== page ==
The state Department of Revenue makes its spring forecast today. In December, the department projected a $514 million deficit for fiscal year 2002 which begins in July. Oil prices have dipped, so now the gap is likely to surpass $600 million.
To cover it, the Legislature will tap the Constitutional Budget Reserve, now at $2.86 billion. So the money is there. And the reserve itself makes money, mostly in bonds which have fared well as stocks have tumbled. The reserve's short-term bond investments stand to earn $230 million to $240 million this year.
But the budget reserve, with its billions from settlements of oil tax and royalty disputes, has no more large deposits on the horizon, and the state's projected spending shortfalls far outstrip the reserve's earnngs.
That means the state's reserve will run out in the next few years. The revenue department's last projection had the reserve empty by December 2005. Declining oil prices, though nowhere near the single digits of 1998, likely will mean the reserve will empty by summer 2005.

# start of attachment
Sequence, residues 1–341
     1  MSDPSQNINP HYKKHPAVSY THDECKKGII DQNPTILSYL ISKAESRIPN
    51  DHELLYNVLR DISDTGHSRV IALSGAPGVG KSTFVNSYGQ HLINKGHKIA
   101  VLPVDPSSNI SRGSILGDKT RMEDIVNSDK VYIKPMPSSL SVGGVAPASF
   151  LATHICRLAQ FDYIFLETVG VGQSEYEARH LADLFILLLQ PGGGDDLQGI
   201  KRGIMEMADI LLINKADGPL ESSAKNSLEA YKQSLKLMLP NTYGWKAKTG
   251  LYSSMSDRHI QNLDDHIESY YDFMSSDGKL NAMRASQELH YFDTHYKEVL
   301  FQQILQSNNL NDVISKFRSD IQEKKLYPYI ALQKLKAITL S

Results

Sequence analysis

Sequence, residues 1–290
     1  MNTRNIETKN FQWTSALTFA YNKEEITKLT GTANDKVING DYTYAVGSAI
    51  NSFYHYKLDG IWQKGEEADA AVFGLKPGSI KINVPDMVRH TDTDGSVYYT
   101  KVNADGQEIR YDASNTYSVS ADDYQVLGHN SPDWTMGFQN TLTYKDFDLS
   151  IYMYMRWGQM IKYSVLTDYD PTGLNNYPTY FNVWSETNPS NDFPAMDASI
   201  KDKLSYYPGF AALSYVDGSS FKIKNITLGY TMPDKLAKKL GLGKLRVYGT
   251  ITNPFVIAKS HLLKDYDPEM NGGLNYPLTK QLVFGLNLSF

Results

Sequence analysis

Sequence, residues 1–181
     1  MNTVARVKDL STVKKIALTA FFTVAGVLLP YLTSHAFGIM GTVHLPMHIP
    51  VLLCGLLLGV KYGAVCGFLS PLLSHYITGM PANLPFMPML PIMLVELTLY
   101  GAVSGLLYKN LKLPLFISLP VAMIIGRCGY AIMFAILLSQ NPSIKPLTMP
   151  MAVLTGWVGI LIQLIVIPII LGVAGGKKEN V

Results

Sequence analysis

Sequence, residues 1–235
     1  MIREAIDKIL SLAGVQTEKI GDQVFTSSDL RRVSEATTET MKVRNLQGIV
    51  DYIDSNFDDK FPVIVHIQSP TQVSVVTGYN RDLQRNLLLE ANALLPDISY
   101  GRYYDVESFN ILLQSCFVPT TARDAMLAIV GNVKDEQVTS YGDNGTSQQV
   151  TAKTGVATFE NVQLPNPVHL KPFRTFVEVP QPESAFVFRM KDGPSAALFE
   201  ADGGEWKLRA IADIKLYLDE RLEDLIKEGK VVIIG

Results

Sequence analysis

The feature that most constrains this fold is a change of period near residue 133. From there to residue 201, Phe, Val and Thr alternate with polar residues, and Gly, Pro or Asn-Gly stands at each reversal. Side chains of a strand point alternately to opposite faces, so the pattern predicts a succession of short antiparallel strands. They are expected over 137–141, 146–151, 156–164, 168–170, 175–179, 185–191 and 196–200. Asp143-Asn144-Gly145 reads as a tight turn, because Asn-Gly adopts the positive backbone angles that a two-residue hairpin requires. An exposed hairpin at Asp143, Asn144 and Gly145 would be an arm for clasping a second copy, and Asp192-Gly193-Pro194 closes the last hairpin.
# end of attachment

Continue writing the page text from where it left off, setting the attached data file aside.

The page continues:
Clearly, the state's elected leaders have an obligation to put Alaska on sounder financial footing before then. That's the unfinished business. It seems just as clear that a sound plan will include a mix of revenue sources -- a broad-based tax, some use of Alaska Permanent Fund earnings, possible additional alcohol or corporate taxes, some use of the budget reserve.
A group of lawmakers is talking about a sound financial plan for the state. Two elements likely will limit their efforts for now: history and politics.
History. Alaska has muddled through. Tax settlements and run-ups in oil prices gave the lie to claims of imminent disaster common in 1998 and 1999. But those were either one-shot deposits or the high end of the oil price roller-coaster. We can't bank on such blessings in the future.
Despite this, nobody wants to play Jeremiah anymore. There's still a tendency to believe the day of reckoning won't really come.
Politics: Nothing likely will happen this legislative session. Nothing likely will happen in 2002, an election year and gubernatorial election year to boot. Calls for an income tax or whispers for use of Permanent Fund earnings are going nowhere.
Several years ago, House Speaker Brian Porter remarked that Alaskans tend to wait until problems grow to critical mass, then scramble to solve them. That's a dangerous way to run a state or a business.
Better if we can recognize the critical mass gathering, and pre-empt it by acting. Today's revenue forecast may aid that recognition and contribute to the public discussion. We have reserves. That buys time.
Let's not waste it.
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